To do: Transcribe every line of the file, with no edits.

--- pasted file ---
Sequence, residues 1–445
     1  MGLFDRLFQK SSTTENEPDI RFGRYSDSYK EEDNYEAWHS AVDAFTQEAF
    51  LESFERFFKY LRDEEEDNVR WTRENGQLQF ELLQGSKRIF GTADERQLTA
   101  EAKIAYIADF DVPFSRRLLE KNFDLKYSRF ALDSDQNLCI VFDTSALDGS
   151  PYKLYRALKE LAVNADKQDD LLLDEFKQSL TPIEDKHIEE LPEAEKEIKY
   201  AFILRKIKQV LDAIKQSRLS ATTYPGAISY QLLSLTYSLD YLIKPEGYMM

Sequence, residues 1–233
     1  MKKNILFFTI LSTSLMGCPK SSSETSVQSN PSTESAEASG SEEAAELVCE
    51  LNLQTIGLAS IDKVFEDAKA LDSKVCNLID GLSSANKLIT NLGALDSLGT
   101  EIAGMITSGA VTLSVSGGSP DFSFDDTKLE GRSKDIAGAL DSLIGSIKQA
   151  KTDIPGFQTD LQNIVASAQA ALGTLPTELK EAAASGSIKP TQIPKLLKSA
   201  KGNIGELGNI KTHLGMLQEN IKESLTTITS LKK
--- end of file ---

Sequence, residues 1–445
     1  MGLFDRLFQK SSTTENEPDI RFGRYSDSYK EEDNYEAWHS AVDAFTQEAF
    51  LESFERFFKY LRDEEEDNVR WTRENGQLQF ELLQGSKRIF GTADERQLTA
   101  EAKIAYIADF DVPFSRRLLE KNFDLKYSRF ALDSDQNLCI VFDTSALDGS
   151  PYKLYRALKE LAVNADKQDD LLLDEFKQSL TPIEDKHIEE LPEAEKEIKY
   201  AFILRKIKQV LDAIKQSRLS ATTYPGAISY QLLSLTYSLD YLIKPEGYMM

Sequence, residues 1–233
     1  MKKNILFFTI LSTSLMGCPK SSSETSVQSN PSTESAEASG SEEAAELVCE
    51  LNLQTIGLAS IDKVFEDAKA LDSKVCNLID GLSSANKLIT NLGALDSLGT
   101  EIAGMITSGA VTLSVSGGSP DFSFDDTKLE GRSKDIAGAL DSLIGSIKQA
   151  KTDIPGFQTD LQNIVASAQA ALGTLPTELK EAAASGSIKP TQIPKLLKSA
   201  KGNIGELGNI KTHLGMLQEN IKESLTTITS LKK